Laurie R. King & Castle Shade

Posted on Updated on

A few years ago, Laurie R. King shared a trip with Barbara Peters, owner of The Poisoned Pen.That trip provided some of the background for King’s latest Mary Russell/Sherlock Holmes novel, Castle Shade. You can order copies of Castle Shade through the Web Store. https://bit.ly/3g6WjXD

A queen, a castle, a dark and ageless threat—all await Mary Russell and Sherlock Holmes in this chilling new adventure.

The queen is Marie of Roumania: the doubly royal granddaughter of Victoria, Empress of the British Empire, and Alexander II, Tsar of Russia. A famous beauty who was married at seventeen into Roumania’s young dynasty, Marie had beguiled the Paris Peace Conference into returning her adopted country’s long-lost provinces, singlehandedly transforming Roumania from a backwater into a force.

The castle is Bran: a tall, quirky, ancient structure perched on high rocks overlooking the border between Roumania and its newly regained territory of Transylvania. The castle was a gift to Queen Marie, a thank-you from her people, and she loves it as she loves her own children.

The threat is . . . well, that is less clear. Shadowy figures, vague whispers, the fears of girls, dangers that may be only accidents. But this is a land of long memory and hidden corners, a land that had known Vlad the Impaler, a land from whose churchyards the shades creep.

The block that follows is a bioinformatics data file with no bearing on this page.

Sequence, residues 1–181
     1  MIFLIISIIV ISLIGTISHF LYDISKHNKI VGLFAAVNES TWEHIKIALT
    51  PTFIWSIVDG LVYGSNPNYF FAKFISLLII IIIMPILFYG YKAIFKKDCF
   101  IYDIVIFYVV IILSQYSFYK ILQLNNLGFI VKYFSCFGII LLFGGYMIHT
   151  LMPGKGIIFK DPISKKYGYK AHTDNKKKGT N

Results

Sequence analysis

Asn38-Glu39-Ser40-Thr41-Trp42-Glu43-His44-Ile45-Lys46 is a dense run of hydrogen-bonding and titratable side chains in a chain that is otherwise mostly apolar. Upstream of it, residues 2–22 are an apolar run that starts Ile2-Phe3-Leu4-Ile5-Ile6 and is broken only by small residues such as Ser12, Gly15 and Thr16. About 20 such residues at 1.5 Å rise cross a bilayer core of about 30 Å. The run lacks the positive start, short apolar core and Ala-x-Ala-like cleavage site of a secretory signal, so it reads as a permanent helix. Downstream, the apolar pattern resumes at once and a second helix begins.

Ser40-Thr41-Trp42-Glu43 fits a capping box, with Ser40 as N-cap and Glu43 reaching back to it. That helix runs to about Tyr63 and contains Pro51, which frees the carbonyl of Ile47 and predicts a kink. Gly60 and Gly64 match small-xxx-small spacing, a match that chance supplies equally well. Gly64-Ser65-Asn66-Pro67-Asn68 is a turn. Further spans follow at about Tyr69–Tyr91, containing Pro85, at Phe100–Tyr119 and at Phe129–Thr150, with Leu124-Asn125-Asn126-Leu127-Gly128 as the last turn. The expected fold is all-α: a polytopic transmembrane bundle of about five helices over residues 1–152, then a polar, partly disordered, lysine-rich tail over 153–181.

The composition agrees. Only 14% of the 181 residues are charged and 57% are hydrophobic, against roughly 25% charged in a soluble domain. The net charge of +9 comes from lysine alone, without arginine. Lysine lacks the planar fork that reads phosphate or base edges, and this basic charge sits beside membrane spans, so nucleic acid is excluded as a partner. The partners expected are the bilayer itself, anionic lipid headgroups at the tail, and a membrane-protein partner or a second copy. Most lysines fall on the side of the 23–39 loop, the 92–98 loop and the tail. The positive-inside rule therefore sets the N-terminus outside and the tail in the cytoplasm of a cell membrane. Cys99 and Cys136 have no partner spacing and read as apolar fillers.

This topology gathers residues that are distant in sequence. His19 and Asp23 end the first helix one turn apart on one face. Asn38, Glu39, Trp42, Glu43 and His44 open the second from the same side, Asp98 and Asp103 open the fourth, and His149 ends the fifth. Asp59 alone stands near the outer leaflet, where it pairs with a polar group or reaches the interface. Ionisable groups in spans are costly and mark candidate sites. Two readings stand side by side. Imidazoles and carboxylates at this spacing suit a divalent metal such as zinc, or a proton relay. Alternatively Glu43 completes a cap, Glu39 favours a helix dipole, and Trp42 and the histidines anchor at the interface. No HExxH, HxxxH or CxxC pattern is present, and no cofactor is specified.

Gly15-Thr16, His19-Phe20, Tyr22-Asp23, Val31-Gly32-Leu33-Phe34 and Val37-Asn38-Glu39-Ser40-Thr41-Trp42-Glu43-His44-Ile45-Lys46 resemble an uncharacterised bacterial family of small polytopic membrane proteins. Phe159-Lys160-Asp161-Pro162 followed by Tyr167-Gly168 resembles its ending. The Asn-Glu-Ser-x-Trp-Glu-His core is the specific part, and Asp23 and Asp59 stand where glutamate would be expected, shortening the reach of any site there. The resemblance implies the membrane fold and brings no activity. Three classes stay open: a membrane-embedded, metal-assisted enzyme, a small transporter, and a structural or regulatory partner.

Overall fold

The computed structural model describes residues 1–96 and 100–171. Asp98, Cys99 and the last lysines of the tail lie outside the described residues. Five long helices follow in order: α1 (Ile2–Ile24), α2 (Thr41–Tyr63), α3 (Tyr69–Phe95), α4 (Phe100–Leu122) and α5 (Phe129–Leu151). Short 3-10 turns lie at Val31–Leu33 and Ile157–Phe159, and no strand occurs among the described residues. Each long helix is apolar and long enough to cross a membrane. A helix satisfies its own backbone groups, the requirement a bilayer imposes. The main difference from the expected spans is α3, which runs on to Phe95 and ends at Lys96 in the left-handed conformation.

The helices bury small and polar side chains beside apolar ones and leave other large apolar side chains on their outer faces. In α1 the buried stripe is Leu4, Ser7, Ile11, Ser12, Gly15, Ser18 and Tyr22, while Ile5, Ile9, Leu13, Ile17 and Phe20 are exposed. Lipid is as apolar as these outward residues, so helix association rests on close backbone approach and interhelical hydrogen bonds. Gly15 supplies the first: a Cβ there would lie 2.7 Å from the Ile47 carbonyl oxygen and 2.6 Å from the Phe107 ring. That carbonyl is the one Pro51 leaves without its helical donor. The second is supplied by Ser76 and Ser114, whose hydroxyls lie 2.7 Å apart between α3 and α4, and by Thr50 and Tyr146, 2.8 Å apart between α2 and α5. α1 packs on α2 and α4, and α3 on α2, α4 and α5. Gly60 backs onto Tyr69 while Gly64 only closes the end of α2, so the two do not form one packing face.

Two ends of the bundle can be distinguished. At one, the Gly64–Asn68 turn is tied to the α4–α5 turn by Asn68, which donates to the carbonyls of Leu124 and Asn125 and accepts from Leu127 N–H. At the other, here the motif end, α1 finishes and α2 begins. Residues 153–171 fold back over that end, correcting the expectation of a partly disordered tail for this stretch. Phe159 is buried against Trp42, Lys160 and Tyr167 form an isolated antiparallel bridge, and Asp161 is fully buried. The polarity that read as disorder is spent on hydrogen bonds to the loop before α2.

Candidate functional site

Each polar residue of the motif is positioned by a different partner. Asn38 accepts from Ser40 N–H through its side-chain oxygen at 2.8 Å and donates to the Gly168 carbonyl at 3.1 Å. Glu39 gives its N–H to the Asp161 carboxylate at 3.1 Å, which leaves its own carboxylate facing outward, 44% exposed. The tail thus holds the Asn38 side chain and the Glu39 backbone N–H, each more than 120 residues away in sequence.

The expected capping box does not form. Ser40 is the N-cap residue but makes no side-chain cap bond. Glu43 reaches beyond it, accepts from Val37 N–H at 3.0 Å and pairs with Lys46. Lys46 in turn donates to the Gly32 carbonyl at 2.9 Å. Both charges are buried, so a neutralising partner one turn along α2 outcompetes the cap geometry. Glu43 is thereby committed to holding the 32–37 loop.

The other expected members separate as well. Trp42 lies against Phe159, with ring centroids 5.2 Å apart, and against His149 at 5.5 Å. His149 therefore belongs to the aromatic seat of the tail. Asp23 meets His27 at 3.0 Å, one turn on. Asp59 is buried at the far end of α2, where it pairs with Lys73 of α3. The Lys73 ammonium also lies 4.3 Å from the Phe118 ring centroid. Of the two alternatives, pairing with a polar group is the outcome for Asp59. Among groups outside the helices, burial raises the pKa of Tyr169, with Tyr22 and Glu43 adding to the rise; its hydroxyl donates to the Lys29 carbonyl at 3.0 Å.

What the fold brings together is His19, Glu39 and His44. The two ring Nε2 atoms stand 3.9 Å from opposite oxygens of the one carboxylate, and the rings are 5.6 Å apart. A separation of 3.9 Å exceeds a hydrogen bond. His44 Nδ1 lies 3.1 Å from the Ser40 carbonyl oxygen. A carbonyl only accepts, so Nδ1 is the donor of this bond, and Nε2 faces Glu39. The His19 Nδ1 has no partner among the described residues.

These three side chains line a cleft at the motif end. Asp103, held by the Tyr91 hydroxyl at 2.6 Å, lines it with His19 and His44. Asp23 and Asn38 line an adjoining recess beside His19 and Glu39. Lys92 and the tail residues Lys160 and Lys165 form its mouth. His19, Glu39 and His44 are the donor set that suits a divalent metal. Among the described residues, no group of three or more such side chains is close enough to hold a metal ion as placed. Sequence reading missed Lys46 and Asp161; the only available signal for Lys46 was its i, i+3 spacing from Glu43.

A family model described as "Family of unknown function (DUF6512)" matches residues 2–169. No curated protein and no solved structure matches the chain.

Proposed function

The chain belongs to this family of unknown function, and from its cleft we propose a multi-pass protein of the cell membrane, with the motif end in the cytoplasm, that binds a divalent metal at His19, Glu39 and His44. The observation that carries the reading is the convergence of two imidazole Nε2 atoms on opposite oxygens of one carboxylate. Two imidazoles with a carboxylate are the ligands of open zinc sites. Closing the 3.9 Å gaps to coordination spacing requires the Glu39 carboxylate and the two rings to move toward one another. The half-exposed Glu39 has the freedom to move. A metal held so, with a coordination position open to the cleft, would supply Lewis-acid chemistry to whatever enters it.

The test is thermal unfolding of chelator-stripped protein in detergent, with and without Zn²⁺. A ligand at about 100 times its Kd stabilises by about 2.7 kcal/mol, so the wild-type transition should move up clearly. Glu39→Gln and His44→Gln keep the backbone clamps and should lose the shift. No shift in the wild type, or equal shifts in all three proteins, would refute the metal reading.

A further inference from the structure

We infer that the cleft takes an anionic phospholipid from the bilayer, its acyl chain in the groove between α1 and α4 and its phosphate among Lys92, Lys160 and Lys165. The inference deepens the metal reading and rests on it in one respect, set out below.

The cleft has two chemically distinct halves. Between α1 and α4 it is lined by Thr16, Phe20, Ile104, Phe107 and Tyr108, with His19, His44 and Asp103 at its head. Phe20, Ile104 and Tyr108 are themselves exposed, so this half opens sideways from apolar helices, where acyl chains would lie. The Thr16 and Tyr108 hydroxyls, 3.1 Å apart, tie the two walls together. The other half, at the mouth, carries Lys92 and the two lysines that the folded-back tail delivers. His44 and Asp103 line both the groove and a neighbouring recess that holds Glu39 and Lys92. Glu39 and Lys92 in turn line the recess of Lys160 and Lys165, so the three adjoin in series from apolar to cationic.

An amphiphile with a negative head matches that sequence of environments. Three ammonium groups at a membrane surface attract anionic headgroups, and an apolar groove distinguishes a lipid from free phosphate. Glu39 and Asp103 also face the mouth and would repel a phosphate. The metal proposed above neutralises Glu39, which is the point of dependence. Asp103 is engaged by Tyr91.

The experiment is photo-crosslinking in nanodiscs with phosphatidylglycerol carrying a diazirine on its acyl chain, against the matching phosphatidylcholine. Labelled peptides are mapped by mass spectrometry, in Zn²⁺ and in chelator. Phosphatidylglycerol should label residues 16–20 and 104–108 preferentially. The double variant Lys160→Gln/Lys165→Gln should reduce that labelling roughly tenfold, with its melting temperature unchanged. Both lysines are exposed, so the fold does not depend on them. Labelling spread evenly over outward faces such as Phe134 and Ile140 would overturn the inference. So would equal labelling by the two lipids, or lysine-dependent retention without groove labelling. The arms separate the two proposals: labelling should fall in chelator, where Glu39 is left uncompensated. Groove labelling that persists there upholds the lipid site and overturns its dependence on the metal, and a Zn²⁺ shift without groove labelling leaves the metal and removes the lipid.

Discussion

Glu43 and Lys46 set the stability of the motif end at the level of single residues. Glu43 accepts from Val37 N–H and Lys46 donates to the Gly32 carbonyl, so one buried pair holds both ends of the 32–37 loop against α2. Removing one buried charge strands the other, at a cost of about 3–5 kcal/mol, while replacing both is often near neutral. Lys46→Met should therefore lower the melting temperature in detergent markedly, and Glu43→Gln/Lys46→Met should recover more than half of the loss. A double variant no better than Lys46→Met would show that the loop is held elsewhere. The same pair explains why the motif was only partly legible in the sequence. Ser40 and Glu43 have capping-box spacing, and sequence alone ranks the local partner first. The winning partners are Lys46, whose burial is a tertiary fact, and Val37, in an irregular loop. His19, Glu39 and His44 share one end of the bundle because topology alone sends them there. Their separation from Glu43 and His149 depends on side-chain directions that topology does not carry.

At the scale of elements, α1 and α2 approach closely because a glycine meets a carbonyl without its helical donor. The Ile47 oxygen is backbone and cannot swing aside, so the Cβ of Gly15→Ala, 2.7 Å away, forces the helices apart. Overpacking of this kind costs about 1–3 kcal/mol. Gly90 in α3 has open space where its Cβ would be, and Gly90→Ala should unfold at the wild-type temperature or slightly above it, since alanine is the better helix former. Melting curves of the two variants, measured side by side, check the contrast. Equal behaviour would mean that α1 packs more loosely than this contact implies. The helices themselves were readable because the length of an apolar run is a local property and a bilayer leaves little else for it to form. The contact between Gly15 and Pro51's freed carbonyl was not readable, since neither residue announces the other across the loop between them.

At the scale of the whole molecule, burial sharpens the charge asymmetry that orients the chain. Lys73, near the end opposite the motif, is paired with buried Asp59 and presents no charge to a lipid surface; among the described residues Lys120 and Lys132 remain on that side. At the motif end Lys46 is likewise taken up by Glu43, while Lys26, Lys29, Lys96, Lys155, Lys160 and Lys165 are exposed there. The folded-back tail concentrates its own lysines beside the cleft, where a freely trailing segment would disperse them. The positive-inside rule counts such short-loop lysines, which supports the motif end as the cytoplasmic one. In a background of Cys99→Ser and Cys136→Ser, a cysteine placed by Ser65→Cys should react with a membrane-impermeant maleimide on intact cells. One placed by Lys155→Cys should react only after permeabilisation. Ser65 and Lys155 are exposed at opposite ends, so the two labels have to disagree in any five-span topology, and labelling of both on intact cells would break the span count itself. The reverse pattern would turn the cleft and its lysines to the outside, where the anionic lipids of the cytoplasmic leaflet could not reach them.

When Queen Marie calls, Mary Russell and Sherlock Holmes are as dubious as they are reluctant. But a young girl is involved, and a beautiful queen. Surely it won’t take long to shine light on this unlikely case of what would seem to be strigoi?

Or, as they are known in the West . . . vampires.


Laurie R. King is the award-winning, bestselling author of sixteen Mary Russell mysteries, five contemporary novels featuring Kate Martinelli, and many acclaimed stand-alone novels such as FollyTouchstoneThe Bones of Paris, and Lockdown. She lives in Northern California, where she is at work on her next Mary Russell mystery.


Enjoy Laurie R. King’s conversation with Barbara Peters.